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Young Catholics need like-minded friends
A Parent's Perspective

Youth 2000 Summer Festival.

According to The Good Retreat Guide, a retreat is a journey that can be religious or spiritual in nature, and is typically taken away from the confines of everyday living. Its purpose is to get closer to God and to rediscover one’s faith. Some adults will go on a retreat every few years and possibly every year. It might be the only time that there is an opportunity to escape the frenetic activity that characterises much of modern life.

Even at home, we’re constantly connected to work, friends and the wider world through our phones and devices. There barely seems to be time to think, never mind focus solely on God or our relationship with him.

It’s not only mature adults that need to focus on spirituality and get away from it all. Our teenagers and young adults are often under more pressure than we are with the stresses of school, work or college; balancing work and home life and the peer pressure to conform to a particular lifestyle.

Drift

Often, young Christians have no one else in their immediate circle who understands their deep desire for the things of the spirit. If they’re in college or living away from home, the difficulty of trying to practise their faith becomes apparent. It’s often during these years that the young drift away from their religion. It’s really important that they have a like-minded circle of friends.

Often it is on retreats specifically geared to the young that these valuable friendships are forged and a support network formed that will help young people through some of their most challenging years. I spoke to three young people who had attended retreats recently to ask them about their experiences.

Personal
 reflection

Two had attended a retreat in Lismullin Conference Centre in Co. Meath, a beautiful location very close to the Hill of Tara. Inspired by the message of the organisation Opus Dei that everything in life can be a path to find God, retreats in Lismullin provide a pleasant atmosphere which supports personal reflection and encourages people to be active followers of Christ.

The other retreat attended was with Youth 2000 which is a Catholic youth organisation that organises lively faith festivals, retreats, prayer groups and other events for young people aged 16-35. Their retreats help guide the young in learning about their Catholic faith and discovering the great love God has for each one of them.

Even though the young people had different perspectives and different reasons for going on a retreat, they were all really pleased and reinvigorated by the experience. One young man I interviewed is a 20-year-old law student. He described the retreat in Lismullin as “very worthwhile” and said that it provided plenty of time to focus on just one thing, his relationship with God, his life, its meaning and, as he said, “the bigger picture”.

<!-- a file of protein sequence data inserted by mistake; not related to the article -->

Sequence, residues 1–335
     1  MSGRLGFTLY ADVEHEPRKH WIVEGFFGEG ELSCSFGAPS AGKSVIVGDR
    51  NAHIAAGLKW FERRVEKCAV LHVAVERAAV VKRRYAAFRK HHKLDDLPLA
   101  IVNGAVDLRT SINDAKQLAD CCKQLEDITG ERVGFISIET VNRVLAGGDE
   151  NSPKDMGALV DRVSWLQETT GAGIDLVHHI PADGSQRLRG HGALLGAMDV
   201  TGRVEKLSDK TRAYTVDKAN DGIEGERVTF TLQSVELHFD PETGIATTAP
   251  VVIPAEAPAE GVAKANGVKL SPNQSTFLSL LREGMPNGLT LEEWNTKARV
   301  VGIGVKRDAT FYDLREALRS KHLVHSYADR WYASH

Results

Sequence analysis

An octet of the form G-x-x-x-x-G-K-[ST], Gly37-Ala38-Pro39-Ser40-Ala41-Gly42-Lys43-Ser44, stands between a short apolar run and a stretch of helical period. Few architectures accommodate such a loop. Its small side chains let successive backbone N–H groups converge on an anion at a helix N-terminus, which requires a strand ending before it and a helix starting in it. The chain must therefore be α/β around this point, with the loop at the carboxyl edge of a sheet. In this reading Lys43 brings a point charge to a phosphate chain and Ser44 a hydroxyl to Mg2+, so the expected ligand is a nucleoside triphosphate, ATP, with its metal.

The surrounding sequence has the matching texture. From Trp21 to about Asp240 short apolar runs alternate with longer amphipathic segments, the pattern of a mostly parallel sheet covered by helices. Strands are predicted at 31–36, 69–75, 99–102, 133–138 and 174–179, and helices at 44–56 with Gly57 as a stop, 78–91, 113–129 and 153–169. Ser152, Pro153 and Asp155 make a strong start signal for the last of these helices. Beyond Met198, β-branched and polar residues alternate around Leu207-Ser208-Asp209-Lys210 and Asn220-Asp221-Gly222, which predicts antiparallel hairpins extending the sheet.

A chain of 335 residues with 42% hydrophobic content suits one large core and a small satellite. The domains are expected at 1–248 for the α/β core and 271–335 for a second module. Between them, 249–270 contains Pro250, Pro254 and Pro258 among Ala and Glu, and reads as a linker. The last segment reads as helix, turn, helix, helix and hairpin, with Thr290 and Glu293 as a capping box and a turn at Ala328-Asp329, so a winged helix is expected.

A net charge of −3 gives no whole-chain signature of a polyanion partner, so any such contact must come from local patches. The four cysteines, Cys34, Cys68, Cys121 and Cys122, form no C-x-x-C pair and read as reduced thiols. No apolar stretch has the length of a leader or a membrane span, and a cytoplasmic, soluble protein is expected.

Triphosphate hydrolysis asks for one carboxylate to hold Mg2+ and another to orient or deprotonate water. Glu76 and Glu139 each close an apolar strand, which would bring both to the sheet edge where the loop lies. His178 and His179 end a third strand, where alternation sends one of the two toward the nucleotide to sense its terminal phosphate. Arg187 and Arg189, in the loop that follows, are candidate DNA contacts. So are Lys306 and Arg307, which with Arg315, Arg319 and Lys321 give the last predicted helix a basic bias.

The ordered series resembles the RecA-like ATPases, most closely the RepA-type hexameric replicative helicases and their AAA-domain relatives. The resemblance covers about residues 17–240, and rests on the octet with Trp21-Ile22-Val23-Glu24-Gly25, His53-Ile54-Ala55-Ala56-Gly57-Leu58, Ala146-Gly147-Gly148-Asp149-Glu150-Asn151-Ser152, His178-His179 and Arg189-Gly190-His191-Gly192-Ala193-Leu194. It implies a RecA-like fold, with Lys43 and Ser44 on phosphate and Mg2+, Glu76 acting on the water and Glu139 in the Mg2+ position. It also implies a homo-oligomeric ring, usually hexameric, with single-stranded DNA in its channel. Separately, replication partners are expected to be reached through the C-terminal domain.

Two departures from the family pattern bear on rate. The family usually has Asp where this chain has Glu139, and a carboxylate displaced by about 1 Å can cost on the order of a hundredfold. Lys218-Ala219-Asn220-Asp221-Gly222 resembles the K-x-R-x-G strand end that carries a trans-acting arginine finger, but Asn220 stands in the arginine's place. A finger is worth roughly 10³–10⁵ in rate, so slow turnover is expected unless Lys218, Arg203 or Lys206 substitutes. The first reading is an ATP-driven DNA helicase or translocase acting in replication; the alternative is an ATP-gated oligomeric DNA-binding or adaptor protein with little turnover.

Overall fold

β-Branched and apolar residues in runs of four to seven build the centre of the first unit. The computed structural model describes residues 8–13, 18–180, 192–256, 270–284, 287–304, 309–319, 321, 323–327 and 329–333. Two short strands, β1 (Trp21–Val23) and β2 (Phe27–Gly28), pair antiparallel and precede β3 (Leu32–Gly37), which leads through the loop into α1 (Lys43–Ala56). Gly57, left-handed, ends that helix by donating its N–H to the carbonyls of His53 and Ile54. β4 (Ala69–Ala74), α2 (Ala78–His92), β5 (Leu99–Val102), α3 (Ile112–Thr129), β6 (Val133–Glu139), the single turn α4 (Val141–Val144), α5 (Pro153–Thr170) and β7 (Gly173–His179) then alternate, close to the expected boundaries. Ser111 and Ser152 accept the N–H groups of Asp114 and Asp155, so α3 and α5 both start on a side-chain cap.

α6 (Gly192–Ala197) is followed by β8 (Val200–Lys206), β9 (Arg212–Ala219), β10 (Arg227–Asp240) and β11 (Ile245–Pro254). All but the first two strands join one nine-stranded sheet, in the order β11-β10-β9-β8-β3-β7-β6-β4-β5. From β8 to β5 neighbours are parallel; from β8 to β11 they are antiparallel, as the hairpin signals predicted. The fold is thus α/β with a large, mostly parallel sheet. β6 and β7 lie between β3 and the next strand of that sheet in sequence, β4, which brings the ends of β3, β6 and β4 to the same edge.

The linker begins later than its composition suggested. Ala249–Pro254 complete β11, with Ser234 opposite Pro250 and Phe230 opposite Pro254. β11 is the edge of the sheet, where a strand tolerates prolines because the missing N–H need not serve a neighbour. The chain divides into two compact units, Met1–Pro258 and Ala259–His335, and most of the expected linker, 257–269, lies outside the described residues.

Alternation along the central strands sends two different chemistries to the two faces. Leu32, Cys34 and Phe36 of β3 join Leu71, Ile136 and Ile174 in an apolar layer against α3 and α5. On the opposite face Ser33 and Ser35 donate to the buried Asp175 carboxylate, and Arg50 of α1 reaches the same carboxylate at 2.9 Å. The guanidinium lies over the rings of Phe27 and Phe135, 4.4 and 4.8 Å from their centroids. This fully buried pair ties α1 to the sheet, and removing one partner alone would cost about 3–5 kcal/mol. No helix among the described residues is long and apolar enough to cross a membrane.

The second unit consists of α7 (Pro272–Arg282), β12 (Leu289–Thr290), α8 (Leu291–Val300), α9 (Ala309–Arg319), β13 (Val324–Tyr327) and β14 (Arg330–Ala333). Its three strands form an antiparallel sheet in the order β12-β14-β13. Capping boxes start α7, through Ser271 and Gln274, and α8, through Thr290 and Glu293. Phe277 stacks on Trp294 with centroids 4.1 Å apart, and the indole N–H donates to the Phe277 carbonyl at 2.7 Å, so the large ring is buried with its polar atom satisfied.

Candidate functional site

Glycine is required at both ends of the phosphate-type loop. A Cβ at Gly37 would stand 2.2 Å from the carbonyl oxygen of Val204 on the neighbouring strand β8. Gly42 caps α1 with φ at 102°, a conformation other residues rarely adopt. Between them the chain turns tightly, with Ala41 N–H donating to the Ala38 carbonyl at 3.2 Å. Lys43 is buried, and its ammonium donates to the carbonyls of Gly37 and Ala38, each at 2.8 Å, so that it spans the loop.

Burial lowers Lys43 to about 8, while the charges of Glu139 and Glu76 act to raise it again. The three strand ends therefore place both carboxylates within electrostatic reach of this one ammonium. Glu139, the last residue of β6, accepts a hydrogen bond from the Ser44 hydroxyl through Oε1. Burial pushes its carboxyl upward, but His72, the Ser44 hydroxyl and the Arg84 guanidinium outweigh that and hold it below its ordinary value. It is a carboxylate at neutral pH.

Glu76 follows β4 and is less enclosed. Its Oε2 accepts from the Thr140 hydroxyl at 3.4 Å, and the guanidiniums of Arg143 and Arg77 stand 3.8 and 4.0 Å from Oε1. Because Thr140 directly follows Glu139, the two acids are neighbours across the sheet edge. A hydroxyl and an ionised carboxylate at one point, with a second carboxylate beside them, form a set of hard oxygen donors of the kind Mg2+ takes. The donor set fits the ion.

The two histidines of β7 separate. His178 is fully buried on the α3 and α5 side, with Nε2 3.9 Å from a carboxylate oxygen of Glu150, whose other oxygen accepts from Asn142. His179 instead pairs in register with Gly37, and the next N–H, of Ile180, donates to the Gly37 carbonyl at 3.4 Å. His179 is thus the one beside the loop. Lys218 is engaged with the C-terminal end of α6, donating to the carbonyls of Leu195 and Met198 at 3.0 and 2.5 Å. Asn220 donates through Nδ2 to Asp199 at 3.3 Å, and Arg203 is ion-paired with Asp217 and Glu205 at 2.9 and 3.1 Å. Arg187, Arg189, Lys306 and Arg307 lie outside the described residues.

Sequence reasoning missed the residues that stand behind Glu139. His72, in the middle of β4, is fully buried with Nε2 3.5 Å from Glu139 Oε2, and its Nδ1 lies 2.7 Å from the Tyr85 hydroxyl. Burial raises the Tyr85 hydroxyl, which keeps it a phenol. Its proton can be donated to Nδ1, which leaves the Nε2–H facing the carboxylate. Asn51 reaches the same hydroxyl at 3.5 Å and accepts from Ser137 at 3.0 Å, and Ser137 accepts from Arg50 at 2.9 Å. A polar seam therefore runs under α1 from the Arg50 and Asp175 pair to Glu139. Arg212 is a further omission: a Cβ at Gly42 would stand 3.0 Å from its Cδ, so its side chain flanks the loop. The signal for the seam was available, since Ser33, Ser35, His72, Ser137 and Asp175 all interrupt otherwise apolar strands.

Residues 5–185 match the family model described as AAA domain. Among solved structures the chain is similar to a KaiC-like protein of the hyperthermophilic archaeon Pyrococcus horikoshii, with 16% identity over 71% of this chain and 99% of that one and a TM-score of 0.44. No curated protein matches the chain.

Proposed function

The other young man I chatted with is married with a young family. Having a very busy life, he really appreciated the time out, giving him a bit of space to be at peace with God and to receive spiritual guidance.

He felt it helped him to renew his commitment to his marriage, family and work.

My 16-year-old daughter was the third person who’d attended a retreat recently. It was a Youth 2000 retreat in Ashbourne, Co. Meath. It was her first time at a full retreat and she was impressed with how everything went and with the friendliness and support.

Workshops

She had been a bit apprehensive before she went but, when we were picking her up, a very different girl greeted us. She couldn’t contain her enthusiasm as she told us about how great the retreat was and how fantastic all the talks and workshops were.

At a time when there is a lot of concern about young people leaving the Church, it was heartening to hear her talking about her favourite parts of the retreat being Confession, Mass and the healing service. She described it as “so calming and peaceful just praying in front of the Blessed Sacrament after a good Confession”.

Newfriends

She made loads of new friends and liked the fact that they had similar views on many issues. She felt the retreat really helped her to look at her life in a new way and see how she could improve.

I asked all the young people for their overall impressions of going on a retreat and got comments like “It’s good to be with other people who share your faith and there’s a great feeling of community and solidarity”.

One of the young men said that it wasn’t a place to catch up on college work; it was about larger scale things in life and about “playing God’s game and following God’s journey”. He talked about making life about something more than yourself.

My daughter said that, after the retreat, she felt on a high and as if she’d never do anything wrong ever again, but of course, this wears off and you still have to make an ongoing effort.

She’d recommend that every young person goes on a retreat as “It’s an amazing experience and anyone who is trying to get closer to God should go; even if you’re nervous or feel like you won’t fit in, you should give it a try.”

As well as a great learning and spiritual experience, it’s great fun.